- «Fast Forward», Canadian Art, hiver 1999, p.16.
December 10th 1999 Lancement de la publication Sur l'expérience de la ville : interventions en milieu urbain
Curators: Marie Fraser, Diane Gougeon, Marie Perrault.
Authors: Guy Bellavance, Marie Fraser, Jochen Gerz, Niels Ewerbeck, Mary Jane Jacob, Johanne Lamoureux, Mark Lewis, Rita McKeough, Marie Perrault, Michèle Thériault. Preface : Marie-Josée Lafortune
Artists: Dominique Blain, Robin Collyer, Trevor Gould, Devora Neumark, Lorraine Oades, Anne Ramsden, Robert Saucier, Sites Unseen (Eduardo Aquino, Ricardo Castro, Maxe Fisher, Stephen Horne, Tessa McWatt & Michael Flomen, Ricardo Mendonça), Neil Wiernik.
A 200-page thematic book published in conjunction with the exhibition “Sur l'expérience de la ville : interventions en milieu urbain,” which presented in situ works across the city of Montréal from August 29 to December 14, 1997, and featured a series of talks organised in collaboration with the Visual Arts Department of Université du Québec à Montréal and the Canadian Centre for Architecture. On art in urban spaces, artists and community.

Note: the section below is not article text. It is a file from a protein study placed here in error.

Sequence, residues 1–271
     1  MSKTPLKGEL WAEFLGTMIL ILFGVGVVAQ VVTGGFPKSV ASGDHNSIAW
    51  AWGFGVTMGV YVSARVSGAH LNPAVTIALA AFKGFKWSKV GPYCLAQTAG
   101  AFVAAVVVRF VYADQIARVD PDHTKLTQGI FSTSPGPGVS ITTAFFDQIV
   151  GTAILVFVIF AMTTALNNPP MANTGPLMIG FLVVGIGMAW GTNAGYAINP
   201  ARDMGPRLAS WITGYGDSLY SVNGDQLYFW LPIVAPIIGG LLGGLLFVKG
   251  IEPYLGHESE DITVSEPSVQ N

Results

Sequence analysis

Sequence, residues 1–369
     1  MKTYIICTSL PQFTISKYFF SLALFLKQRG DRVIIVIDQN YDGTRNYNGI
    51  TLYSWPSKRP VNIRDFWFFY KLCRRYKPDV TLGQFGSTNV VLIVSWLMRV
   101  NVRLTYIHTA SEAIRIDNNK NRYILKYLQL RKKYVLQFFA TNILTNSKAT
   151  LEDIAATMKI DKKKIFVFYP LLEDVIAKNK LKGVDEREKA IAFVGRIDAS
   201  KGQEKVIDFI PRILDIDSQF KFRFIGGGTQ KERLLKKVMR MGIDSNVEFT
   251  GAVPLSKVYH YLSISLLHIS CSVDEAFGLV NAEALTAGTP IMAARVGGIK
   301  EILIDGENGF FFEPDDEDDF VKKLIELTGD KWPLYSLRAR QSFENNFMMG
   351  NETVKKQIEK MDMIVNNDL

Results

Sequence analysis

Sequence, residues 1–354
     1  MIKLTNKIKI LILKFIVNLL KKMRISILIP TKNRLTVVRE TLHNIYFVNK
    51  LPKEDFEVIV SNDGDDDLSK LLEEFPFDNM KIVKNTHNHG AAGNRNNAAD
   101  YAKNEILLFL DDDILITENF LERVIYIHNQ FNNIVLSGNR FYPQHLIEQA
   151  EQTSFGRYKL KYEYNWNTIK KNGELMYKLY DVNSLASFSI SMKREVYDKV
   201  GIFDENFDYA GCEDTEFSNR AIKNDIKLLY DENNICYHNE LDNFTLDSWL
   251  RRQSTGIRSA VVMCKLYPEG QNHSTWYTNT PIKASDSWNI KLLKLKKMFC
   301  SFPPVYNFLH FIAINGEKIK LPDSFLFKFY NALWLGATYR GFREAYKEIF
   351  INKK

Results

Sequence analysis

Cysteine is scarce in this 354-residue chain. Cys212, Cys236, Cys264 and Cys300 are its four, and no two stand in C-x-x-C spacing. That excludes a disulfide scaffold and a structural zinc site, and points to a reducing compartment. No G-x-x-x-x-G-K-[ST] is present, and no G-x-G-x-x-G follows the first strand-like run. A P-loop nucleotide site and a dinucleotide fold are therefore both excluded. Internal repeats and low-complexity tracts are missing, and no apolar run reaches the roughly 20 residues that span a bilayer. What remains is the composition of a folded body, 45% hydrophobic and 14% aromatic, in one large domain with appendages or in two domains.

The exhibition and accompanying talks were an opportunity to reflect upon the notion of urban space in an era marked by the end of utopias. Gathering transient and selective works across the city, the project aimed to critically address the socio-political context of Montréal as well as the traditional and monumental role of the art work within the urban fabric.
Sur l'expérience de la ville : interventions en milieu urbain, Optica, Montréal, 1999.
- Critique d'art, no 15, printemps 2000, p.114.
- Canadian Art, été 2000, p.28.
- Art présence, no 34, avril-mai-juin 2000, p.42.
- Parachute, no 97, janvier-février-mars 2000, p.58.
- Bégoc, Janig dans Parachute, no 98, pp.71-72.
- Lamarche, Bernard, «Sur l’expérience de la ville», Le Devoir, 9 décembre 1999, p.B8.